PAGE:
It oxidises readily in air to form arsenic trioxide and water...

As$_2$O$_3$ is in turn hygroscopic and will end up in solution eventually. You would end up with your oceans being a weakly acidic with ionic arsenites in solution.

Oxygen at high pressure

Regarding the oxygen level, it was probably at least 27% for two periods (of tens of millions of years) in Earth's history, including during much of the Mesozoic.

However, the high pressure does give me some pause. If the pressure is 1.9 times that of Earth, and the oxygen concentration is 27%, then the oxygen partial pressure is $$1.9*\frac{27}{20} = 2.6$$ times that of our Earth, a partial pressure of about 510 mbar. There are claims that air pressure was higher in the Mesozoic, which would render this problem moot by showing that oxygen partial pressure in addition to concentration had been higher in the past. But those claims do not seem legitimate to me, and I'm going to have to find some hard evidence before accepting them.

Equilibrium constants for gaseous reactions depend on the partial pressure of that gas, so it is partial pressure, not percentage composition that determines if things will spontaneously combust, at least at higher pressures. Figure 5 on page 10 of this NASA report shows that flammability decreases for constant oxygen partial pressure as inert gas (N$_2$) pressure increases, but that this effect stops around 800 mbar. Since the difference between our atmosphere and yours is above that limit, we can expect that flammability will increase as a function of oxygen partial pressure.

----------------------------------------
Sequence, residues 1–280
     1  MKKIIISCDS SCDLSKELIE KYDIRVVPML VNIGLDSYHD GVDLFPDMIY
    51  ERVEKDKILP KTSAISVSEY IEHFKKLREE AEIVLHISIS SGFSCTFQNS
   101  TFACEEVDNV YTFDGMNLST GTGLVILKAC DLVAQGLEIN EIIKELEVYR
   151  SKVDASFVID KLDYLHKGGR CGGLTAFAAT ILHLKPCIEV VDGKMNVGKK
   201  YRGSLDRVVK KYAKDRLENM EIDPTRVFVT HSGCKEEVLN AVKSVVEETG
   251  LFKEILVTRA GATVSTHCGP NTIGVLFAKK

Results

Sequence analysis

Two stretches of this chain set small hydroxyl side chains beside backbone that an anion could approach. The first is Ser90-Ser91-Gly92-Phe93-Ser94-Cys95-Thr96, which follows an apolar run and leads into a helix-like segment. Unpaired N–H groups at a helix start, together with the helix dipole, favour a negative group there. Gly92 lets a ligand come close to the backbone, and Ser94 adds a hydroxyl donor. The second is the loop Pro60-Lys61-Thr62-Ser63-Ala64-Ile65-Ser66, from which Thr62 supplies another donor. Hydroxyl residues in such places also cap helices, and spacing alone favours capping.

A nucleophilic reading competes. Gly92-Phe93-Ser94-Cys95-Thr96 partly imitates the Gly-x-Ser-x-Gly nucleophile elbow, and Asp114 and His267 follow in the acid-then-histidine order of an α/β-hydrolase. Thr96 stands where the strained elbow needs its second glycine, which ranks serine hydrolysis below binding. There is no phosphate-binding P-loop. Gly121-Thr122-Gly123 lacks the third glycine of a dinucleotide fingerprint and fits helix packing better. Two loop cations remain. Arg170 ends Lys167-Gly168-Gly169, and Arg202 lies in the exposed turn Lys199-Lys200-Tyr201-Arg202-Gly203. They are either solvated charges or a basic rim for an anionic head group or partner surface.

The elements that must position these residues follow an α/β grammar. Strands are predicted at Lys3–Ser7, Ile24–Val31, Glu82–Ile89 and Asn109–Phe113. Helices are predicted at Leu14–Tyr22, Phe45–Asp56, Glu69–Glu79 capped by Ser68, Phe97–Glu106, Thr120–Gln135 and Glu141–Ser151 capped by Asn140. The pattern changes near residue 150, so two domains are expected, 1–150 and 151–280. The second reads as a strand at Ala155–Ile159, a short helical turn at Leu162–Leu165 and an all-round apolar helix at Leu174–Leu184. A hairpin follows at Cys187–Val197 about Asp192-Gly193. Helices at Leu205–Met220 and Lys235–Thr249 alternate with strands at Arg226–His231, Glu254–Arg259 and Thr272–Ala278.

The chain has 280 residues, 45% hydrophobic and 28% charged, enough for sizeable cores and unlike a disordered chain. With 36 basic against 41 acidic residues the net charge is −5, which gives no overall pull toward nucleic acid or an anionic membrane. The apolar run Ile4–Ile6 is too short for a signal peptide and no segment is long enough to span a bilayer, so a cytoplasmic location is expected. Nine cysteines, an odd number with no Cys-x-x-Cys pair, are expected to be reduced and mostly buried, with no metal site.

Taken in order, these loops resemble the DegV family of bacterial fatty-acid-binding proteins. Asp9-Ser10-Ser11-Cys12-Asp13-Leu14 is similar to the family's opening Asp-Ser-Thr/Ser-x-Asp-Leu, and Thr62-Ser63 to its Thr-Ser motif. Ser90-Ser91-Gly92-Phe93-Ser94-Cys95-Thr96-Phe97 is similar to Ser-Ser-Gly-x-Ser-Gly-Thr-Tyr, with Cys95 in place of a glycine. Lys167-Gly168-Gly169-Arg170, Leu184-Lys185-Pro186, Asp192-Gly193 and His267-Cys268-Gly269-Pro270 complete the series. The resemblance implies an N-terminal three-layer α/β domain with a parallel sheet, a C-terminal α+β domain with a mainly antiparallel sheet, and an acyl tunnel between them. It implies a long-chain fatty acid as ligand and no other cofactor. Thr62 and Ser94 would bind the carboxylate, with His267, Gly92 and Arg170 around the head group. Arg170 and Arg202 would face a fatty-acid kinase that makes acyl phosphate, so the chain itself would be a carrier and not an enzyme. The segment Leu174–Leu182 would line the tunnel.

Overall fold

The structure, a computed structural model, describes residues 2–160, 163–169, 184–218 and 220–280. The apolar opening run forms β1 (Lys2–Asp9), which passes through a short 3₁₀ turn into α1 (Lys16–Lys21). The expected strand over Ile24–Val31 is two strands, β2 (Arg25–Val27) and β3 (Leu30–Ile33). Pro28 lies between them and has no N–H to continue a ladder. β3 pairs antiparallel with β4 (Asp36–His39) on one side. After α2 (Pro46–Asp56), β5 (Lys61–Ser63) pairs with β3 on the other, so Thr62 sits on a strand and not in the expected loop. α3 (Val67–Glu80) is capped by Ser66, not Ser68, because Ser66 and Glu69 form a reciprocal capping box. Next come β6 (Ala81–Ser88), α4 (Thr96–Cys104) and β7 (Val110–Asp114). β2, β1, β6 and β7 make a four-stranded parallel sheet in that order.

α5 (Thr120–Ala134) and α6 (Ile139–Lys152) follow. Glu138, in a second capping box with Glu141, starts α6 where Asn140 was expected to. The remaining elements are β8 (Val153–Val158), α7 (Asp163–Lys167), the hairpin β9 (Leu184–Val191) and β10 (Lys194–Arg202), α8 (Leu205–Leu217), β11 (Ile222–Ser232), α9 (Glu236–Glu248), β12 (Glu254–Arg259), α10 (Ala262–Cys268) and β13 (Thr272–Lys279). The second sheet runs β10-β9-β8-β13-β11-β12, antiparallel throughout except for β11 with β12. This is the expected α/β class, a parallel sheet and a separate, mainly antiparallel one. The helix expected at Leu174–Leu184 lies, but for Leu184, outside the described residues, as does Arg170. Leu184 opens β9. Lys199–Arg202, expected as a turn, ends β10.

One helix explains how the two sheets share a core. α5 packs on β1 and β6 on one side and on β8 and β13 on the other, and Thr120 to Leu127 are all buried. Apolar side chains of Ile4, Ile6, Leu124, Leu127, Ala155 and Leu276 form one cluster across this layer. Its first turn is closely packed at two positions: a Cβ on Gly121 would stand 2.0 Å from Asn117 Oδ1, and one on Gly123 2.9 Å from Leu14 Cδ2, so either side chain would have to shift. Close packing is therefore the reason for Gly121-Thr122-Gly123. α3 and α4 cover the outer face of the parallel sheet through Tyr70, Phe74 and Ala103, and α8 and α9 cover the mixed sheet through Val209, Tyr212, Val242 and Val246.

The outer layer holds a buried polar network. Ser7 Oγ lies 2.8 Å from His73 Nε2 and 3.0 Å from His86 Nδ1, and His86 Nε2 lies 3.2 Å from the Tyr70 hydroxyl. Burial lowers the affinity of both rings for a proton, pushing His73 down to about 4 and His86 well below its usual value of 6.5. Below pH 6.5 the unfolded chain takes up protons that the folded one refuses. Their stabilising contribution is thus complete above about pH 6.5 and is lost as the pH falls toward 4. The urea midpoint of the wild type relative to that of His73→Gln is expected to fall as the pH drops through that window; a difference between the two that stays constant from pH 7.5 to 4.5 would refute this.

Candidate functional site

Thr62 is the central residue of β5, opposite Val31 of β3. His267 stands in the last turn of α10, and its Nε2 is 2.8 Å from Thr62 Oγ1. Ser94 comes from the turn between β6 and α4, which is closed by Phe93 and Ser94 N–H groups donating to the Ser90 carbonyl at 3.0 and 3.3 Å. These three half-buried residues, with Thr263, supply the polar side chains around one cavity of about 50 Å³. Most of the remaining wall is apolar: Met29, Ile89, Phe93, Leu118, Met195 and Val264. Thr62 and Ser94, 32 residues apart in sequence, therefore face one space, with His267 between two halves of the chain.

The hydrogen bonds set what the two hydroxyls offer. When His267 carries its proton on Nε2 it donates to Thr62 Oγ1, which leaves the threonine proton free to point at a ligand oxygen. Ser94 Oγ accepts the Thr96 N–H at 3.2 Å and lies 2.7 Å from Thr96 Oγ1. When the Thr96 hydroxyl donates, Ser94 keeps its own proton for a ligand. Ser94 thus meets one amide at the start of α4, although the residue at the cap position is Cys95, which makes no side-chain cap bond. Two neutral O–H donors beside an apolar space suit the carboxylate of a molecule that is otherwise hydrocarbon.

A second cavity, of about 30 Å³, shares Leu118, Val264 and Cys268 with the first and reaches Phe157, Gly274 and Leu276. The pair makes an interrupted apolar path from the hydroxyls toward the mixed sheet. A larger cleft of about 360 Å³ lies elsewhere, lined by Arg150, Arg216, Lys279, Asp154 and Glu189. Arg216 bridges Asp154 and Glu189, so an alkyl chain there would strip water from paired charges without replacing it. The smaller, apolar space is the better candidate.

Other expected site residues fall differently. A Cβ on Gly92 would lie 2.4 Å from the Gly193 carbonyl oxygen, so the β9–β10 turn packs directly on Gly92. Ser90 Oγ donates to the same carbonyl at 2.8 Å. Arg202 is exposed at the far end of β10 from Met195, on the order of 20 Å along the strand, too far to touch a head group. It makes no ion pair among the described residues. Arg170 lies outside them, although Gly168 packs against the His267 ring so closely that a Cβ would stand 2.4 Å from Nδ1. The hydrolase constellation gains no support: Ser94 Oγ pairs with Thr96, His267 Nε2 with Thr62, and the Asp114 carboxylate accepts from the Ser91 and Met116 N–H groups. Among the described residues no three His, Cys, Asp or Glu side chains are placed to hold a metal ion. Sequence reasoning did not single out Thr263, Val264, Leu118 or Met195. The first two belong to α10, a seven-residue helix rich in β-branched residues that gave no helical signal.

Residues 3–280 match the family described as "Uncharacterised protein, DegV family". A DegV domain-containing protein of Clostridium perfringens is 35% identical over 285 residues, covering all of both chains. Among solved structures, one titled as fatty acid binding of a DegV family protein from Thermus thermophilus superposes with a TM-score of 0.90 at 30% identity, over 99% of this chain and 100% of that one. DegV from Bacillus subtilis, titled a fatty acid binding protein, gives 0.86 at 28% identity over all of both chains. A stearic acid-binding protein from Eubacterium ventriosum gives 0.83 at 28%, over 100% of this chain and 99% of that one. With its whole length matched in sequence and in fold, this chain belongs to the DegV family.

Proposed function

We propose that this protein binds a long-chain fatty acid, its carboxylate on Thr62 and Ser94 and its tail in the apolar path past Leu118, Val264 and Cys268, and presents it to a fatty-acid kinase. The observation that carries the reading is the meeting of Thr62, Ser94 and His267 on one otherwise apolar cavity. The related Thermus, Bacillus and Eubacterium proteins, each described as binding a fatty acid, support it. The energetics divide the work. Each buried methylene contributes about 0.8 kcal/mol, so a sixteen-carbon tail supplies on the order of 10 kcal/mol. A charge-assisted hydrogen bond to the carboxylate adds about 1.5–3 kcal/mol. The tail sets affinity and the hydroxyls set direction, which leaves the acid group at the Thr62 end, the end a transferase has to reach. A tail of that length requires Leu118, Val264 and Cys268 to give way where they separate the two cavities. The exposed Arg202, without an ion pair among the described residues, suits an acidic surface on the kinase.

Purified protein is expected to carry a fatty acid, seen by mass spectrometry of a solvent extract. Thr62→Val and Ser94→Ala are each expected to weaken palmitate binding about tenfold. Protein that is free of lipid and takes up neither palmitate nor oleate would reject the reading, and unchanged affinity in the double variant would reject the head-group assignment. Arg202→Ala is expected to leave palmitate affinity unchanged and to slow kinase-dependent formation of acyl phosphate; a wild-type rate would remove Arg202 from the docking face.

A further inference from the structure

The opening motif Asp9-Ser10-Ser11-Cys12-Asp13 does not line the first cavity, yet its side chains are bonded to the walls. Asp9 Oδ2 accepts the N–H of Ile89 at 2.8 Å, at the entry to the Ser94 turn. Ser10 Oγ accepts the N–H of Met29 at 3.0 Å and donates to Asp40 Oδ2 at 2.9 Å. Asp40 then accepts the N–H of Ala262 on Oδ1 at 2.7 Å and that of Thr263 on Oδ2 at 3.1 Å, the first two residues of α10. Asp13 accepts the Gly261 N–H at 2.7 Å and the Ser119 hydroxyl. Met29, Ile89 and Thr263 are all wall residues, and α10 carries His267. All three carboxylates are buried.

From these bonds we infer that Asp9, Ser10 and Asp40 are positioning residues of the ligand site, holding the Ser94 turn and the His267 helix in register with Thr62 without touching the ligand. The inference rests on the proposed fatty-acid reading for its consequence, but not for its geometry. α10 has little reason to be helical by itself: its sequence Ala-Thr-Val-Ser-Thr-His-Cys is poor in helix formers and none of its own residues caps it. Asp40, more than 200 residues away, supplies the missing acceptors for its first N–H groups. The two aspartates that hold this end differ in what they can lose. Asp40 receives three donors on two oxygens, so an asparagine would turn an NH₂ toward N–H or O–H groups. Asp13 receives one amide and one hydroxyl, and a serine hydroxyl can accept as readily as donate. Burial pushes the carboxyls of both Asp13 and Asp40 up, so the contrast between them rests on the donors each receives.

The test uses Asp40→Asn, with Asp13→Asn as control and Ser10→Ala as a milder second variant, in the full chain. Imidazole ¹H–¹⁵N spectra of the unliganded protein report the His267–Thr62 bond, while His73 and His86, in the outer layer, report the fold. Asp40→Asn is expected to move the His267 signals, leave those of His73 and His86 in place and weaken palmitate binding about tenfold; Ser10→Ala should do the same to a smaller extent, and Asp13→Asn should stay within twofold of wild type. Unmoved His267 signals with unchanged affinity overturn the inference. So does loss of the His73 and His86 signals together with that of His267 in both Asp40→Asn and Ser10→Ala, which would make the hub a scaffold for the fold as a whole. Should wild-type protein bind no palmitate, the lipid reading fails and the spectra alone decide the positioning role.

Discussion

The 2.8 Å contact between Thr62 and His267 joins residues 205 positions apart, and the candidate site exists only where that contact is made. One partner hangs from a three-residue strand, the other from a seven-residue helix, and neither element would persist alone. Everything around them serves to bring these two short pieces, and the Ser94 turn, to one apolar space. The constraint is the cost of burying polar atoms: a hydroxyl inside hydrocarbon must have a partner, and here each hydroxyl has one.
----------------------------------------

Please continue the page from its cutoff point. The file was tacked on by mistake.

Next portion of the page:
Getting exact numbers on what will combust in what oxygen pressures is pretty tough. The linked NASA paper shows that for gaseous fuel air mixtures, 21% oxygen (~230 mbar) is sufficient for flammability and that increasing oxygen partial pressure has almost no effect (page 7).

However, a more reasonable approach to the atmosphere would be to consider that as oxygen concentration increases, oxidation reactions with the various materials of the lithosphere will increase. I think these would be more important than spontaneous combustion reactions. Without any other evidence, I propose that it is logical that there is some 'upper limit' for oxygen partial pressure, at which point the oxidation of atmospheric oxygen with surface minerals outstrips the ability of the biosphere to create that oxygen.

For our planet, that upper limit was probably around 30%, or 300 mbar oxygen. Applying the same to your planet at 1900 mbar would give you an oxygen concentration of about 16%. I suggest that 27% is too high an oxygen partial pressure to develop naturally, and that because of chemical weathering of the lithosphere the oxygen concentration on your planet should not go above 20% at the highest.